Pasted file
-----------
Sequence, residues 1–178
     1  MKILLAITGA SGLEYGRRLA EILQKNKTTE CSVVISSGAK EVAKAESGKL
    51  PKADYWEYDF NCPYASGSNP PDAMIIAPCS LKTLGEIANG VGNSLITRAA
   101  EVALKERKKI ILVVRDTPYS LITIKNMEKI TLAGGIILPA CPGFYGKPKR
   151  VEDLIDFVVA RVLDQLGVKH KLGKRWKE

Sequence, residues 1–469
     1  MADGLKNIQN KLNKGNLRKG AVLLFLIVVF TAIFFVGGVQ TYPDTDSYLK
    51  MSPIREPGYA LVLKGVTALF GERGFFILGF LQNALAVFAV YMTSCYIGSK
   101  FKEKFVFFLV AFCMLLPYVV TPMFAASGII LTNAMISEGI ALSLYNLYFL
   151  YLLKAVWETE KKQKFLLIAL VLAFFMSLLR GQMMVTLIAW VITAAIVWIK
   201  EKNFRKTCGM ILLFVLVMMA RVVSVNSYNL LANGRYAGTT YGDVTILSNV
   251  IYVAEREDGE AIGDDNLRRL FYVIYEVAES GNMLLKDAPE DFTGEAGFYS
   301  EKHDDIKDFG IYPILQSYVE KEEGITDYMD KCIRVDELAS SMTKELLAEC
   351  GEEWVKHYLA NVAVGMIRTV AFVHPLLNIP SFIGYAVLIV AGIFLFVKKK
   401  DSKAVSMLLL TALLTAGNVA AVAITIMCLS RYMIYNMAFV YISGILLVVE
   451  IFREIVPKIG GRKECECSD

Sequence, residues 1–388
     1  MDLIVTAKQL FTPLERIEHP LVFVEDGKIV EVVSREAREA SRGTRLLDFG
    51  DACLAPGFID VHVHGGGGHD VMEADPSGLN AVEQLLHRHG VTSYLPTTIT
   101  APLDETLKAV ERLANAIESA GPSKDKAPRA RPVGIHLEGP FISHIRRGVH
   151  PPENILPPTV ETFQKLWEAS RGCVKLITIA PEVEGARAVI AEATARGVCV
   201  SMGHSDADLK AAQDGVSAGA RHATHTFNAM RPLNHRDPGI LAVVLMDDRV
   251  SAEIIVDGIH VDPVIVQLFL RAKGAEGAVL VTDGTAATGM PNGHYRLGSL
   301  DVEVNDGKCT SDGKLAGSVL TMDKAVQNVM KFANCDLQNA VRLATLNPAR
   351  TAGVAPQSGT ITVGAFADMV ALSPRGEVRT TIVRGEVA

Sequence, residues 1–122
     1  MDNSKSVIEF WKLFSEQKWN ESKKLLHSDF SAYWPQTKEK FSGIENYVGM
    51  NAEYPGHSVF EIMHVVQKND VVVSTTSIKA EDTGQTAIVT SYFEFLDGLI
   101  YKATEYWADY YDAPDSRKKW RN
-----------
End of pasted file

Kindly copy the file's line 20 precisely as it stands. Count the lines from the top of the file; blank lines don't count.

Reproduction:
   101  APLDETLKAV ERLANAIESA GPSKDKAPRA RPVGIHLEGP FISHIRRGVH